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The Thinking Muslim: Who wants the Caliphate? with Dr Ovamir Anjum

The Caliphate has in recent years acquired a meaning beyond its original conception. Although polling on the matter is contradictory at times, most analysts of the Muslim world would surmise that religiosity is on the increase and with it a demand to see Islamic scripture reflected in public policy. My guest this week, Dr Anjum Ovamir, although abhorring all that Isis may stand for, suggests that its brief rise to notoriety has opened up space for intelligent minded Muslim’s to reimagine a world with a just Caliphate. Undoubtedly, the appeal of the concept is enduring, the late professor of Islamic Studies (and neoconservative protagonist) Bernard Lewis placed the Institution at the centre of Muslim thinking since the death of the Messenger Muhammad (saw). He posits it remained a “potent symbol of Muslim unity, even identity, and its abolition, under the double assault of foreign imperialists and domestic modernists, was felt throughout the Muslim world”. For Lewis, the loss of the Caliphate is seen by Muslim majorities as a symbol of a century of humiliation, disunity, colonisation and despotic rule.

And you can see why Muslims observe the institution of the Caliphate to be intertwined with the deep-seated memory of Islam’s golden age and illustrious past. The Muslim world, that once saw itself at the centre of innovation, toleration, culture and wealth is now synonymous with civil strife, poverty, inequality and terror, of which the Syrian civil war and the deafening silence over the plight of the Rohingya’s and Uyghur genocides is just the latest in a long line of disasters.

So how can a reimagination of Muslim political order help the Muslim condition? Dr Anjum argues in a recent long read penned for the Yaqeen Institute that not only is there an urgent requirement for Muslim intelligentsia and civil society to debate the form a modern Caliphate would take but to seriously place it at the centre of Muslim social and political activism. He argues that Islam’s challenge has to be framed in the context of the broader tumults faced by the liberal order, namely the process of de-globalisation and the rise of populist nativism. Dr Anjum believes Muslim’s particularly the young and those that have come to the west to escape the malaise of the Islamic world owe it to the worldwide community to “link up beyond artificial borders to ask the fundamental questions that places Islam as an alternative to the prevailing order”.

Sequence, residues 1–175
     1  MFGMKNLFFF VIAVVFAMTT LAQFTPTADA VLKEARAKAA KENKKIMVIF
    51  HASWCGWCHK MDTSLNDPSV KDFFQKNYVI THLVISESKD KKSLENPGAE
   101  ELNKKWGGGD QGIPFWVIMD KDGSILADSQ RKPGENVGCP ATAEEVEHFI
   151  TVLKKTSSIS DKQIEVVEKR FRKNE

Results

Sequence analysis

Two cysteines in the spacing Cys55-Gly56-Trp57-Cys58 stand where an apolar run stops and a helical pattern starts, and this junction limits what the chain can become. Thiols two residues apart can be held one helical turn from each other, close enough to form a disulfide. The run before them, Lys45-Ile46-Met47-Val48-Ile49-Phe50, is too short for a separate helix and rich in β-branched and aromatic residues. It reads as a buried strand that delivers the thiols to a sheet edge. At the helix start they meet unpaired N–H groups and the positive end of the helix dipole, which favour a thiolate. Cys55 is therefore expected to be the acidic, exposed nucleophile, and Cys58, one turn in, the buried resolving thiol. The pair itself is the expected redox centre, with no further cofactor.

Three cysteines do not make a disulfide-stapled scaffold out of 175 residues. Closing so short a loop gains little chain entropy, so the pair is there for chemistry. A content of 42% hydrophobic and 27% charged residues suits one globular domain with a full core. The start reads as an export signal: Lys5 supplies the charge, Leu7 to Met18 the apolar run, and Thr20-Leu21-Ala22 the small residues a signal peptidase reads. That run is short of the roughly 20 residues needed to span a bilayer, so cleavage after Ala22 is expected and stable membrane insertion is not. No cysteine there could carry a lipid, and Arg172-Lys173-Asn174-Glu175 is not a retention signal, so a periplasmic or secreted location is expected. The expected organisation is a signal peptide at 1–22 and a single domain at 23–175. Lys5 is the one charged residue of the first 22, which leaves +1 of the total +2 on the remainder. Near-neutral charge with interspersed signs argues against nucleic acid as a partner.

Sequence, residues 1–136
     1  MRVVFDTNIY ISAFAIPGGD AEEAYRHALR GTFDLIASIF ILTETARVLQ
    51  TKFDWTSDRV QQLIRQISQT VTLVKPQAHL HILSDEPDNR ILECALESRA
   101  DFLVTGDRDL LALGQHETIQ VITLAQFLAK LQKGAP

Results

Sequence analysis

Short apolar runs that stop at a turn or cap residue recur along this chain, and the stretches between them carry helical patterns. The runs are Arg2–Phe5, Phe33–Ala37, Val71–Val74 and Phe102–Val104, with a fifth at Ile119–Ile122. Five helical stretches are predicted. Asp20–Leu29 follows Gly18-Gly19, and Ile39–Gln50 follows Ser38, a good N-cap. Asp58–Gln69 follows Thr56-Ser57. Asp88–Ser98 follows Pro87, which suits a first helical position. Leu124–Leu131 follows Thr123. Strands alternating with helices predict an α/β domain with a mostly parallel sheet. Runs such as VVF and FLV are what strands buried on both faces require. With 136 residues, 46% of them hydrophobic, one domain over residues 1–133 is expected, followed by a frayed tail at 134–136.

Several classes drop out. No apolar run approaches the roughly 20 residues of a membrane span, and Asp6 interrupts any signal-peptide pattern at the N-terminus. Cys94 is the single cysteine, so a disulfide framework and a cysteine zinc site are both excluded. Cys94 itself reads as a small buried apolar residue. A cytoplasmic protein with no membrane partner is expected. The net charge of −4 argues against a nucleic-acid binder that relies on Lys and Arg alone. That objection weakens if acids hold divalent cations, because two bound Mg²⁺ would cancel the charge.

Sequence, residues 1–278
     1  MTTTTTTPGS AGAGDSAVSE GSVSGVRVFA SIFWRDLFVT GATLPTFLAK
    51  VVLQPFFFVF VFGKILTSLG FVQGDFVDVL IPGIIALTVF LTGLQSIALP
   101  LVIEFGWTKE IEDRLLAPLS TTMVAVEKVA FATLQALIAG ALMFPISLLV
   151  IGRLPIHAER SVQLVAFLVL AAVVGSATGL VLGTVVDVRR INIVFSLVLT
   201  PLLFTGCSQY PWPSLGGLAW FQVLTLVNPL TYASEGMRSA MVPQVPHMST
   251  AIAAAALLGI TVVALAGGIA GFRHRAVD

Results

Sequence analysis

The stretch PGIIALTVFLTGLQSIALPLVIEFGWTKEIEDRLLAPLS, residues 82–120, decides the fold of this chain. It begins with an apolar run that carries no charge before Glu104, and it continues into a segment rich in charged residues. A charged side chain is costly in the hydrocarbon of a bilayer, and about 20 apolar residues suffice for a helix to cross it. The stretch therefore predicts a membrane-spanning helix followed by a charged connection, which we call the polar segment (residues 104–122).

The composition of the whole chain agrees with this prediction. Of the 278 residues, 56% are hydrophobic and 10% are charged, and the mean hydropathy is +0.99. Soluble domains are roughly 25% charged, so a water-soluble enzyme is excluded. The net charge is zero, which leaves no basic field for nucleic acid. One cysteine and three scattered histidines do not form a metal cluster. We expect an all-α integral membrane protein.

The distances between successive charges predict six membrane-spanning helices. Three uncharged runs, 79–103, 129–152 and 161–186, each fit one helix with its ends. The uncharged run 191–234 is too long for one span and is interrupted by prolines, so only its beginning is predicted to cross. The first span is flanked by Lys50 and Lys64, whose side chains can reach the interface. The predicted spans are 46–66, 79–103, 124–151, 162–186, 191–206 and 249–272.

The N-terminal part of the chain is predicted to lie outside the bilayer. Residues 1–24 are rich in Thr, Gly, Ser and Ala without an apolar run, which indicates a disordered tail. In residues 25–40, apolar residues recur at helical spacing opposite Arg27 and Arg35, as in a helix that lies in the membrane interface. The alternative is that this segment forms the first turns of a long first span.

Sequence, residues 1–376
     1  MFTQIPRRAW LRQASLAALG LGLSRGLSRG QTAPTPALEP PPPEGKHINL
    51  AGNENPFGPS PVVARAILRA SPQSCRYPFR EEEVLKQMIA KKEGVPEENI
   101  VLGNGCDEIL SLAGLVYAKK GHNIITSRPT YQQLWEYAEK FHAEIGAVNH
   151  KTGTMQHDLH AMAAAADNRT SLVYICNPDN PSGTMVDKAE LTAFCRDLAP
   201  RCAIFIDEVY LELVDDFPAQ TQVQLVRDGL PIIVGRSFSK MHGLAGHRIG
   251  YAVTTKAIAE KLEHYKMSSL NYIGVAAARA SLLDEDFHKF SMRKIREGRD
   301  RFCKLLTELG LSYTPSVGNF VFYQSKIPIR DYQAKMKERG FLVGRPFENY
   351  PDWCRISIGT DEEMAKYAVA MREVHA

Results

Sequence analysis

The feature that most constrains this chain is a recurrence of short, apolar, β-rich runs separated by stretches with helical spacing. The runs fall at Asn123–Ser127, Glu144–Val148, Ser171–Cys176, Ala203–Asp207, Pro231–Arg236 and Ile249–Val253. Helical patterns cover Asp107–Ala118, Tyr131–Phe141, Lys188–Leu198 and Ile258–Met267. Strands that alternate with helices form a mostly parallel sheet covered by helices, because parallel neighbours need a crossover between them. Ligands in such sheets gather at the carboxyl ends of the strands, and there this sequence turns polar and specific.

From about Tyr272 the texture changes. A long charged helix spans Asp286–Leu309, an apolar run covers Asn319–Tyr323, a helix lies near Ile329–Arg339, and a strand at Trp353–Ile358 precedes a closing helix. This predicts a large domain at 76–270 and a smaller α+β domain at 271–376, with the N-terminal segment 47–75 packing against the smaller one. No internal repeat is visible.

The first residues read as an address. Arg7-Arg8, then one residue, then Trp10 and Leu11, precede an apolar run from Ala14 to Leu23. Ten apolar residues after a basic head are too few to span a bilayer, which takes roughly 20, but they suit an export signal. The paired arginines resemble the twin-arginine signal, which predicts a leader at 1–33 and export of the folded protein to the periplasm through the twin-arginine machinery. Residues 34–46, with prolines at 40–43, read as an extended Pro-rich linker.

The Caliphate surely does need more attention. There have been some laudable attempts in recent years to conceptualise a modern Islamic order, most notably in Pakistan by Dr Israr Ahmed and in the Arab World by Sheikh Taqiuddin al-Nabhani, may Allah reward them for their steadfastness, courage and contribution to the topic. However, the appeal of their movements has dissipated and today they fail to inspire the vast majority of Muslims that look to an intelligent and radical solution to our malady. Dr Anjum calls for a new wave of thinking on the subject, grounded in revelation and aimed at showing both Muslim’s and non-Muslims how Islam’s thought should be considered as an alternative to the contemporary decaying world order.

My guest this week, Dr Anjum Ovamir, although abhorring all that Isis may stand for, suggests that its brief rise to notoriety has opened up space for intelligent minded Muslim’s to reimagine a world with a just Caliphate. Dr Anjum calls for a new wave of thinking on the subject, grounded in revelation and aimed at showing both Muslim’s and non-Muslims how Islam’s thought should be considered as an alternative to the contemporary decaying world order.

Dr Anjum argues in a recent long read penned for the Yaqeen Institute that not only is there an urgent requirement for Muslim intelligentsia and civil society to debate the form a modern Caliphate would take but to seriously place it at the centre of Muslim social and political activism. He argues that Islam’s challenge has to be framed in the context of the broader tumults faced by the liberal order, namely the process of de-globalisation and the rise of populist nativism.

Dr. Ovamir Anjum is Imam Khattab Endowed Chair of Islamic Studies at the Department of Philosophy and Religious Studies, University of Toledo. He obtained his Ph.D. in Islamic history in the Department of History, University of Wisconsin-Madison. Author of Politics, Law and Community in Islamic Thought: The Taymiyyan Moment (Cambridge University Press, 2012). His current projects include a multi-volume survey of Islamic history and a monograph on Islamic political thought.

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